· Place a link on the website that provides a detailed model of the university governing structure
Budget Cuts, Tuition Increases, and Graduation Rates
· Do not use graduation rates as a measure of the quality of education
· Students are unable to graduate quickly because of annual budget cuts and tuition increases. These system-wide policies force us to work multiple jobs and take a high level of units while workloads for staff and faculty increase while their numbers decrease.
In Solidarity, From Egypt to Wisconsin to California! Democracy NEEDS Education!
WikiLeaks: U.S. warned Kenya against invading Somalia
By Alan Boswell | McClatchy Newspapers
NAIROBI, Kenya — U.S. cables made public by WikiLeaks show that the United States warned Kenya two years ago not to launch an offensive in southern Somalia against al Qaida-allied al Shabab rebels, but a U.S. official also offered to check on the "feasibility" of a U.S. review of the plans.
Kenya went ahead with an invasion a month ago, saying it was a response to a recent series of kidnappings near the border between the two countries. But the existence of the cables undercuts Kenya's claim that the move had not been long planned.
The cables paint a contradictory picture of whether the United States encouraged Kenya's invasion of its neighbor.
Taken as a whole, they seem to lend credence to Washington's claims that it had neither encouraged nor supported the invasion. But one particularly lively cable depicts a senior U.S. official asking Kenya's foreign minister if Kenyan troops shouldn't consider trying to take Kismayo, the Shabab stronghold seaport, on their own or with the help of Somali militias, and promising the review of the plans by an American team. The tactics described in that cable match the plan Kenya appears to be trying to execute.
While reliable independent information from the ground is scarce, the Kenyan offensive appears to have stalled one month in. The military has cited heavy rains and mud for slowing its movements, but Rashid Abdi, a Nairobi-based Somali analyst at the International Crisis Group, says that the military is hesitating to proceed into Shabab territory because the Islamist group is refusing to engage the Kenyan troops openly.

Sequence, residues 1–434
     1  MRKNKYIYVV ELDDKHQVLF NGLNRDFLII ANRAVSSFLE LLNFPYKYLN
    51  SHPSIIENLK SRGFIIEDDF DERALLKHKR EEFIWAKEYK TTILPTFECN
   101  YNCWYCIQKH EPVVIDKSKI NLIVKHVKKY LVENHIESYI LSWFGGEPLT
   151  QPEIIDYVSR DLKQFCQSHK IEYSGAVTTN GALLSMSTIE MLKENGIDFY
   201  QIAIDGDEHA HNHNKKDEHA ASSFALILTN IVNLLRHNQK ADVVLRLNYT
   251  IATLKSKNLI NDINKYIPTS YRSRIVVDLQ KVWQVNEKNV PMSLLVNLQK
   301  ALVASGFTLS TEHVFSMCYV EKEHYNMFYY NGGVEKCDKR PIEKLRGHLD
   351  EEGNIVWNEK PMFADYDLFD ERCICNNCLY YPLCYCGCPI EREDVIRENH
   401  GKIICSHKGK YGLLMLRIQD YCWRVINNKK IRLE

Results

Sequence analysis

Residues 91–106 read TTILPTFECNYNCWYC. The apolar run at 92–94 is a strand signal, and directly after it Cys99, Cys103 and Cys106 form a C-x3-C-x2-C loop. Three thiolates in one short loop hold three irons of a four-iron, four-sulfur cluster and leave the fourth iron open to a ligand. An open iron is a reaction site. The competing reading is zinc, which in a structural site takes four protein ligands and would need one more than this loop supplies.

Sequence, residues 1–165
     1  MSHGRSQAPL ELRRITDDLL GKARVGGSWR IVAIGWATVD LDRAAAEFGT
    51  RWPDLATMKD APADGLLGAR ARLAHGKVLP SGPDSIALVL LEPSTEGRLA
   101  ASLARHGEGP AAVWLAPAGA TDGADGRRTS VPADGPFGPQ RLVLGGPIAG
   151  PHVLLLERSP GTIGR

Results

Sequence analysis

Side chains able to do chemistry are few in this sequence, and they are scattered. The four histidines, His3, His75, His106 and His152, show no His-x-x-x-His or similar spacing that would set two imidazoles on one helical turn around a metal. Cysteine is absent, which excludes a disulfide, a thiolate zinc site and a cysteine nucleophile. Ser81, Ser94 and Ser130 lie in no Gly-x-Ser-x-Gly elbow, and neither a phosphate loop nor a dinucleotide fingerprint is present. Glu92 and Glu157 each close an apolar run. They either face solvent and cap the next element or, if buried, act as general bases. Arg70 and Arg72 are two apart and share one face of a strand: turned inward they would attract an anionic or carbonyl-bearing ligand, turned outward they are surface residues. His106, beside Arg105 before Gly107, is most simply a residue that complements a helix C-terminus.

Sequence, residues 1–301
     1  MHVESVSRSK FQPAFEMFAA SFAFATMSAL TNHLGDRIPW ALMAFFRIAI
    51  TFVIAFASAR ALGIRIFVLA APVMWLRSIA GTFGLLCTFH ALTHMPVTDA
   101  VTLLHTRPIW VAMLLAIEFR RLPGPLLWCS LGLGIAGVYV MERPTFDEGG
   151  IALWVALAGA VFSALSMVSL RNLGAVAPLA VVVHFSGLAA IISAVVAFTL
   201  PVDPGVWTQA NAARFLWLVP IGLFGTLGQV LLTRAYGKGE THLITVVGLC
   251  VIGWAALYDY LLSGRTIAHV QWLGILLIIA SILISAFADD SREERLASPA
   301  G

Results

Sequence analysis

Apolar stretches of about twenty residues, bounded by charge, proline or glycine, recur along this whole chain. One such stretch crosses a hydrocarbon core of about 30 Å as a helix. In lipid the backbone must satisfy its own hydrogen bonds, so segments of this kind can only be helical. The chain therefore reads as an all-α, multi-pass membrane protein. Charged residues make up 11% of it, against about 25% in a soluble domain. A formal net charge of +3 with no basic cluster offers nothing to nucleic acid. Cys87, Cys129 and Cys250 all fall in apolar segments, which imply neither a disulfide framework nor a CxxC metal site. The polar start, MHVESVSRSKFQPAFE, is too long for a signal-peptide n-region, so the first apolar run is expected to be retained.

"The Kenyans were hoping to fight on their terms. Al Shabab has now turned the equation," said Abdi.
Kenya could be trying to buy time in hopes of more outside assistance. Kenya has called for a blockade of Kismayo from the sea, and on Wednesday it hosted Ugandan President Yoweri Museveni and his Somali counterpart, Sharif Ahmed, to shore up regional backing of its military campaign.
A bogged-down campaign is one of the reasons U.S. officials cited, according to the cables, for opposing a Kenyan operation.
According to a cable dated Feb. 2, 2010, Johnnie Carson, the assistant secretary of state for African affairs, provided Kenyan Foreign Minister Moses Wetangula with a variety of reasons that the U.S. believed a proposed Kenyan incursion could backfire during a Jan. 30, 2010, meeting in Addis Ababa, the capital of Ethiopia.
Kenyan officials had been aggressively pitching the idea over several months, the cables show, asking U.S. officials to back their plan to create a semi-autonomous buffer zone on Kenya's border with Somalia. The Kenyans vowed that not "a single Kenyan boot" would enter Somalia and that the entire operation would be conducted by Kenyan-trained Somali troops.
Carson, however, warned that the operation would be more complicated and expensive than expected. He also said such an invasion might spark conflict between Somalia's combustible clan and sub-clan networks and weaken the authority of the central government in Mogadishu.
Carson also questioned Kenya's resolve in the case of defeat or setback and wondered if its leaders were prepared to deal with discontent back home if the war turned sour.
The cable said Carson "concluded by suggesting that there shold (sic) be more conventional and convenient ways to accomplish the same end. Could, for example, the trained Somalis help Kenya to re-take Kismayo?"
According to the cable, the National Security Council's senior director for African affairs, Michelle Gavin, then expressed the United States' willingness to brainstorm other strategies with Kenya.